The Court allowed the appeal and replaced the ICN with an ICN that was calculated using the correct adopted charge of $13,330 per lot.


The ICN was given by the Council in respect of the Development Approval because the proposed development would generate extra demand on the trunk infrastructure transport network and parks network.

The Council conceded that there was an error in the ICN in that the Council had applied the incorrect adopted charge.

The Charges Resolution relevantly sets different adopted charges for development in different parts of the local government area. Section 3.1 and Table 2 of the Charges Resolution are relevant to reconfiguring a lot and state that the adopted infrastructure charge is $13,330 per lot.

The Court observed that the Charges Resolution adopted different charges and dealt with different forms of development in different ways. For example, a material change of use for non-residential development sets out a rate per square metre of gross floor area for each trunk infrastructure network which facilitates a network-by-network calculation of the charge, whereas other parts of the Charges Resolution do not use the same method (see [15] to [18]).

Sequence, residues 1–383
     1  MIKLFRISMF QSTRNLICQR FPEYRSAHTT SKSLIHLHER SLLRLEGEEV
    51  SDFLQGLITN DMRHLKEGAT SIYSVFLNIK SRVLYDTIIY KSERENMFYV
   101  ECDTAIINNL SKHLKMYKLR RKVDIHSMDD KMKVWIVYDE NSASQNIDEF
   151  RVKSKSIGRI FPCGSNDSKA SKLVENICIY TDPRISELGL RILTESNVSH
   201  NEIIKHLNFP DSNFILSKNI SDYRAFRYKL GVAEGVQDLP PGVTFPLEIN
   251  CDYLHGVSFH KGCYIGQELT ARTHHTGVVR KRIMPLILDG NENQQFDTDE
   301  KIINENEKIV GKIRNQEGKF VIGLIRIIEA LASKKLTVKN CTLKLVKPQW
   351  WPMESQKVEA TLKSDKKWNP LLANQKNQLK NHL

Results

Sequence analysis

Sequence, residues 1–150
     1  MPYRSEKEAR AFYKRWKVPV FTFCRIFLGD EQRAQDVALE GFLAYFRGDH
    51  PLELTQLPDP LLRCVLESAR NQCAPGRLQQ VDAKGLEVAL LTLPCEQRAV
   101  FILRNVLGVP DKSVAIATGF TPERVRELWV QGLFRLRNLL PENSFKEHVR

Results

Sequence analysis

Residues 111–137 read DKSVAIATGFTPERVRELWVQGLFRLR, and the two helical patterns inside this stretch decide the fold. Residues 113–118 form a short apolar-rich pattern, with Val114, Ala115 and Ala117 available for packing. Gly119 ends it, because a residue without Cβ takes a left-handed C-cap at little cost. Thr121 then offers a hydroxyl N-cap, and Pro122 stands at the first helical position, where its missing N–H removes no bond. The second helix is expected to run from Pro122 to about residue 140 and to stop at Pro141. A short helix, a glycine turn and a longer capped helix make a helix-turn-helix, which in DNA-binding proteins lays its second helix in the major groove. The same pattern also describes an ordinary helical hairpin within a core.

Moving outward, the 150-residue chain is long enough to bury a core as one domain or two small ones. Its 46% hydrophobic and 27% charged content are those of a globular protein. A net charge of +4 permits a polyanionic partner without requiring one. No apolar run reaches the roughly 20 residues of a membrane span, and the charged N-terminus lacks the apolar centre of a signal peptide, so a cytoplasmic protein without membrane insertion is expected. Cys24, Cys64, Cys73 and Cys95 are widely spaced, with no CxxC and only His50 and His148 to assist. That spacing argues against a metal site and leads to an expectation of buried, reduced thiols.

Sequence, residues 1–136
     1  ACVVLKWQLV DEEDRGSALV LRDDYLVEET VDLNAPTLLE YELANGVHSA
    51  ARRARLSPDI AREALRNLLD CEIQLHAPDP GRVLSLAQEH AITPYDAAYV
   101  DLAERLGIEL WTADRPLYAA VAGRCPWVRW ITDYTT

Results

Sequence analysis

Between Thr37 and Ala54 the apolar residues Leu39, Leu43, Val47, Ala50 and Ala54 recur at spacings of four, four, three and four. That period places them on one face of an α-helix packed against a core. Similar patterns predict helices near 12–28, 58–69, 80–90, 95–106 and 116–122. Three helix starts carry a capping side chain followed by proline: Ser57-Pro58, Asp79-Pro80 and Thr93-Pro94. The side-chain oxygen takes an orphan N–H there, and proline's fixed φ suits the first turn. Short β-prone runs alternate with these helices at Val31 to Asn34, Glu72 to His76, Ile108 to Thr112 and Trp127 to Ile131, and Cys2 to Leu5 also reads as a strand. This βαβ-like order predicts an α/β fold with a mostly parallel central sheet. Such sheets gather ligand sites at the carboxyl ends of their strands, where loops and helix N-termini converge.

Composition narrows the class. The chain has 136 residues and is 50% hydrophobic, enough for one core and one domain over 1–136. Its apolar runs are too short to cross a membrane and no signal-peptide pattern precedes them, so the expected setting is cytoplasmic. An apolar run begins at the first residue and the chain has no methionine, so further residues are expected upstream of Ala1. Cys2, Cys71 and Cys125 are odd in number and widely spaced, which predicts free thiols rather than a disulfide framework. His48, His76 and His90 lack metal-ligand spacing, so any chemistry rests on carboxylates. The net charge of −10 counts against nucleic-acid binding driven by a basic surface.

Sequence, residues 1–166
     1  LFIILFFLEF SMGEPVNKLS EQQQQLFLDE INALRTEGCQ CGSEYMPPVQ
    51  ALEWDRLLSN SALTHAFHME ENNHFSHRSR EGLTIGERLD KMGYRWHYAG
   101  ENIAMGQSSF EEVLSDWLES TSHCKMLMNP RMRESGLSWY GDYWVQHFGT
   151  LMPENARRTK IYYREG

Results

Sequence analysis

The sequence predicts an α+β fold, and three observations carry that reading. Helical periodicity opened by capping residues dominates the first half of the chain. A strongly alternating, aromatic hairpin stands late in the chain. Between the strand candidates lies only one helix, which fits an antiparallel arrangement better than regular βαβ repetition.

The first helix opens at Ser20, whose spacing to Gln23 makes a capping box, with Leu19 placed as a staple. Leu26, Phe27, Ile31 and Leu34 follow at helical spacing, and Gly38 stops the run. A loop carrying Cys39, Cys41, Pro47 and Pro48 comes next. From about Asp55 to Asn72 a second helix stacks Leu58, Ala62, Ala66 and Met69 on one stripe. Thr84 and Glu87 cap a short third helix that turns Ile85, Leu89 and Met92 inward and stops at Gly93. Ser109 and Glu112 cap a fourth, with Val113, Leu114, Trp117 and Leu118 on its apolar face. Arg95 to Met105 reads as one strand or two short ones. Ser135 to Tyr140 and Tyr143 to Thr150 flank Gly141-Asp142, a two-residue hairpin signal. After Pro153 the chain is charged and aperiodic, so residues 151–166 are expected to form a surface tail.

Court rejects Applicant's submission about a discount to the adopted charge

The Applicant submitted that the adopted charge for the ICN ought to be discounted because the proposed development would not generate extra demand on the trunk infrastructure stormwater, water supply, and sewerage networks, and therefore ought not be subject to the entirety of the adopted charge (see [14], [19], and [22]). The Applicant argued that adopting a "global charge" takes meaning away from section 120(1) of the Planning Act, and is inconsistent with the definitions of "trunk infrastructure" and "development infrastructure" which specify different components of trunk infrastructure (at [24]).

The Court rejected the Applicant's submission for the following reasons: